Is this a suitable environment to nap in?
If you’re super tired, have a decent amount of time and are in a good place to nap, opt for a 90 minute one if at all possible. This is the most beneficial type of nap as it mimics your natural sleep cycle.
If you’re not really tired and just need a little boost, even a 10-20-minute nap can make a big difference. This is a quick way to get more energy and become more alert and is probably a lot more accessible as a new mum.
The biggest mistake when taking a nap is having one late at night. This can be detrimental to your night routine and stop you from getting into a deep sleep.
If you want to read more about the right way to nap (including how to avoid killing the muscle tissue in your ears), then you can read our ultimate guide to napping.
How much sleep does your baby need?
Every baby is different, but here is a useful guide from Baby Centre:
New born: 8 hours during the day and 8 hours 30 min at night.
One month: 6-7 hours during the day and 8-9 hours at night.
Three months: 4-5 hours during the day and 10-11 hours at night.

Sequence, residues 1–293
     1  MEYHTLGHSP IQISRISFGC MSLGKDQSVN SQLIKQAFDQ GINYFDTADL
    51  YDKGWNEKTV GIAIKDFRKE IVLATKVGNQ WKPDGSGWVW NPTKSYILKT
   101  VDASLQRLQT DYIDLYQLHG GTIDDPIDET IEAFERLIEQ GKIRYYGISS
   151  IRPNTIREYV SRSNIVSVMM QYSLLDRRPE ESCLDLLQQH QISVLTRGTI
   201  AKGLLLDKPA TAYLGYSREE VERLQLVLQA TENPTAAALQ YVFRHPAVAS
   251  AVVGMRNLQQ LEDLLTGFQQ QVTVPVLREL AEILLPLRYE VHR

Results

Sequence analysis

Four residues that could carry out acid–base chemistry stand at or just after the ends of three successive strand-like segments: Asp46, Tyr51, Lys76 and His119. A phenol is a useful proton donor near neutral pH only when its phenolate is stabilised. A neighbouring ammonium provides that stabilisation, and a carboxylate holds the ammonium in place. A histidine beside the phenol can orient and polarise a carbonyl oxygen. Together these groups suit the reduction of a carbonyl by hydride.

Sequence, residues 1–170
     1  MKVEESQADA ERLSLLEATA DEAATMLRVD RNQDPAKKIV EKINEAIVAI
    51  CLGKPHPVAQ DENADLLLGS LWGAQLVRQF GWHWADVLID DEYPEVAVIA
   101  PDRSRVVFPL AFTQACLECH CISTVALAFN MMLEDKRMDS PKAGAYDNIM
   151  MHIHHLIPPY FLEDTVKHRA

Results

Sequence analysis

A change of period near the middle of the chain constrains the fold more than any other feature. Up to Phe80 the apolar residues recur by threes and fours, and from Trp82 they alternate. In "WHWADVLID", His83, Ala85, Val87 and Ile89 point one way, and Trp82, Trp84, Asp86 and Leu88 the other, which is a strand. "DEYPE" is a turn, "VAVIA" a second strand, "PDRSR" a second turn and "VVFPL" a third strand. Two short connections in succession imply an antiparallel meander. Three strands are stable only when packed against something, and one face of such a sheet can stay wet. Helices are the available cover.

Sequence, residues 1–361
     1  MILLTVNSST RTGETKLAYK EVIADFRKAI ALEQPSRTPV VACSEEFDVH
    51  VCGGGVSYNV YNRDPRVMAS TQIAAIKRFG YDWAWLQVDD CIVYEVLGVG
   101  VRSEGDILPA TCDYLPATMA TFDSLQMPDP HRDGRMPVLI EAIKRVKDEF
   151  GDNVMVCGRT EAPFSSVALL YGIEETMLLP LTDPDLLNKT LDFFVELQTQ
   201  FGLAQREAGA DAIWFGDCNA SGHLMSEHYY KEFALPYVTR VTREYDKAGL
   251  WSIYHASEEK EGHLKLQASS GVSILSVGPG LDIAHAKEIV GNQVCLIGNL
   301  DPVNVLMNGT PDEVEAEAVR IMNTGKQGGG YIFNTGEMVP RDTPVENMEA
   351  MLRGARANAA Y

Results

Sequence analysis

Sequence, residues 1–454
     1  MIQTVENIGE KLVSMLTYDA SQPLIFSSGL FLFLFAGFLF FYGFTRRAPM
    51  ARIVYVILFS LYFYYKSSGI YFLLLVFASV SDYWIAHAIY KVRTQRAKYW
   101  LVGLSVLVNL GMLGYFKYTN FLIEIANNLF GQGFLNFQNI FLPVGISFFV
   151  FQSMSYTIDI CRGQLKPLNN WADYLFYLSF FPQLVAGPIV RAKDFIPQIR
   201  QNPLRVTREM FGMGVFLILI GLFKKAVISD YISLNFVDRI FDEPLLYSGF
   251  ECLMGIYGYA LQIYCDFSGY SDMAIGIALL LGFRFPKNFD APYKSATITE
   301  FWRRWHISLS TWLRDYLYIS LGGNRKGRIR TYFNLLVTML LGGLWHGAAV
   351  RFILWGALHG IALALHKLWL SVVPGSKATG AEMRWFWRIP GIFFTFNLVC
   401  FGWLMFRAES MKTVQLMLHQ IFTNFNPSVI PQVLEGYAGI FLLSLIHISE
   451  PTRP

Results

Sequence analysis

Six months: 3 hours during the day and 11 hours at night.
Nine months: 2 hours 30 min during the day and 11 hours at night.
12 months: 2 hours 30 min during the day and 11 hours at night.
Ways to help your baby sleep better
When your baby sleeps, the bottom line is you can sleep, so let’s tackle this together. Here are some great ways to help your baby sleep better:
- Use the light. Make sure your baby is exposed to plenty of sunlight during the day, and in the evening start to dim the lights to get them ready for bed time.
This association with light and sleeping will help get them into a good routine. If they wake up during the night, try not to turn on the light as this will tell their brains it’s day time.
- Choosing the right moment. Easier said then done. If it sounds like your baby is waking, wait a few minutes for them to get back to sleep by themselves.
If they start making more noise, take action and try get to them as quickly as possible before it turns into a full-blown tantrum. This is to try create as little commotion as possible.
- White noise. This can mimic the sounds a baby hears in the womb, which can relax them and help them get a deeper sleep.
- Put them down awake. This will help them to fall asleep independently and they will see you leave the room, so won’t wake up in a panic when you’re not there.
- A warm blanket. Transferring your baby from a warm cuddle to a cold cot can be upsetting. Holding your baby in the same blanket you are going to lay them down in will maintain this warmth and cosiness
Sleep deprivation can push you to the brink of madness so if you’re currently in the throes of it, stay strong mama and do what you need to do to survive the exhaustion.
Author bio: Isabel Edwards is the main editor for the Hafco Siesta in Style blog, created to provide expert advice and bring light to common sleeping misconceptions, so we can help readers get the best nights sleep.